Researchers had thought that snow formation on Mars was a slow and gentle process, and will now have to rethink their ideas about the Martian water cycle.

Stem cells

Extra chromosomes removed by reprogramming cells

Mice with two sex chromosomes produced from parent with three.

Cells from mice with an extra sex chromosome can be returned to normal by reprogramming them into stem cells.

Mitinori Saitou at Kyoto University in Japan, James Turner at the Francis Crick Institute in London and their colleagues took fibroblast cells from mice rendered infertile by having three sex chromosomes — either an extra X or an extra Y. They reprogrammed these fibroblasts into pluripotent stem cells, which they then converted into immature sperm cells and transplanted into mouse testes. During the reprogramming, the cells lost their extra chromosomes. The resulting sperm were able to fertilize eggs and produce baby mice with two normal sex chromosomes.

The authors say that the method could eventually be used to overcome some types of infertility in humans, and to prevent disorders, such as Down’s syndrome, that result from an abnormal number of chromosomes.


Virus DNA in the blood is an early sign of cancer

Spotting traces of cell-free DNA led to improved survival rates.

Searching for DNA that came from cancer cells and is circulating freely in the blood holds promise for monitoring patients with cancer, but its utility for screening asymptomatic people has been unclear.

Allen Chan and Dennis Lo at the Chinese University of Hong Kong and their colleagues screened the blood of 20,174 people with no symptoms of nasopharyngeal carcinoma, looking for traces of DNA from the Epstein–Barr virus — a biomarker for this cancer. Of 300 people who tested positive for circulating viral DNA more than once and went on to be examined, 34 had the cancer. The disease was identified at an earlier stage than is normal for this cancer, and the patients were more likely to survive. Only one person who tested negative for Epstein–Barr virus DNA developed the cancer within a year.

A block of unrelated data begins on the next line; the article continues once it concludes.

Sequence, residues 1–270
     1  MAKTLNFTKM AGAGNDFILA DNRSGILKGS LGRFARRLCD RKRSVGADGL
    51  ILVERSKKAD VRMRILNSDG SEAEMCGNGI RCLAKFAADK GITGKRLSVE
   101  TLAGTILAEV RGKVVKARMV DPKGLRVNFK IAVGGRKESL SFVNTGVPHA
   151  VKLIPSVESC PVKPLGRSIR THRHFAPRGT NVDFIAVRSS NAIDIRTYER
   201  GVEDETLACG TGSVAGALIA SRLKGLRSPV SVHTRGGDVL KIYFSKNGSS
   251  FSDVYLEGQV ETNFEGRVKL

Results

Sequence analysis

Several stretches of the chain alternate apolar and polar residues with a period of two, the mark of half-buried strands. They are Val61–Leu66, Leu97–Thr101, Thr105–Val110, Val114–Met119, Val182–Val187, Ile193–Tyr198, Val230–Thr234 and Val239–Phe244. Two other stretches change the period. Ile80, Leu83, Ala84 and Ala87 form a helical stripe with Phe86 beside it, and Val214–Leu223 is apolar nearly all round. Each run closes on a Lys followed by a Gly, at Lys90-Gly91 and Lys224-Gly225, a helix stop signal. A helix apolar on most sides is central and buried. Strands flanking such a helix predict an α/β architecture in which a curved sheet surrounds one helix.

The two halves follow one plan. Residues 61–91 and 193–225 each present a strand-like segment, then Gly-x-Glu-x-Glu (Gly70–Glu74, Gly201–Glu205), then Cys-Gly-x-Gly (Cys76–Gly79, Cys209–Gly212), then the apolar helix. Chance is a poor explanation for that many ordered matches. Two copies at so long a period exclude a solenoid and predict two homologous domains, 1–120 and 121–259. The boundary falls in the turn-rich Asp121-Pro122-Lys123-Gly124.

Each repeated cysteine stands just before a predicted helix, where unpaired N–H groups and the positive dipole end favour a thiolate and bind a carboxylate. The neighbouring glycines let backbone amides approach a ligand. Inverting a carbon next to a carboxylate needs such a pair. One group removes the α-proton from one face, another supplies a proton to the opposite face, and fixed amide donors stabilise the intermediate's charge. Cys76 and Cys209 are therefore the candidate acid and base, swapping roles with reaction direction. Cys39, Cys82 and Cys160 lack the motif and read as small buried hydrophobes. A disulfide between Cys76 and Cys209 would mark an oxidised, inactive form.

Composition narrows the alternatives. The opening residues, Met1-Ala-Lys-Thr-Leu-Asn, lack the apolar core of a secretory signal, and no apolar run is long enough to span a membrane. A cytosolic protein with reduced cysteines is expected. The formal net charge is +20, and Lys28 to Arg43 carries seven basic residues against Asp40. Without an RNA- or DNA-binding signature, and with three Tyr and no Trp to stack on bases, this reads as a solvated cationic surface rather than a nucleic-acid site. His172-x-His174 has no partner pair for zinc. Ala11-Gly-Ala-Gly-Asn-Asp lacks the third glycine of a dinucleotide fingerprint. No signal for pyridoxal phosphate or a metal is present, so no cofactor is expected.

Researchers used the ATLAS detector, seen here under construction, to spot rare ‘light-by-light’ scattering.

Researchers used the ATLAS detector, seen here under construction, to spot rare ‘light-by-light’ scattering. Maximilien Brice/CERN

Particle physics

Light seen bouncing off light at high energies for the first time

Physicists could use ‘light-by-light scattering’ to test existence of new particles.

Particles of light have been spotted scattering off each other at high energy for the first time.

Classical theories suggest that photons do not interact with each other. But the quantum theory of electromagnetism — quantum electrodynamics — predicts that two photons can interact and change direction, albeit very rarely. This has never before been seen directly at high energy.

The ATLAS collaboration studied attempts to collide lead ions at the Large Hadron Collider (LHC) at CERN, Europe’s particle-physics laboratory near Geneva, Switzerland. When lead ions travel close to the speed of light, they radiate photons; when the ions do not themselves collide, detectors can instead spot interactions between these light particles. Of 4 billion collision attempts in 2015, the ATLAS detector saw 13 possible instances of photons interacting and scattering.

Further LHC studies in 2018 could confirm the finding, which could be used to test the existence of new particles that are predicted to affect the interaction.

Fish exposed to food odour (right) started looking for dinner, while controls kept swimming against a current (left).

Fish exposed to food odour (right) started looking for dinner, while controls kept swimming against a current (left). M. S. Savoca et al./Proc. R. Soc. B

Animal behaviour

Fish fooled into thinking plastic is food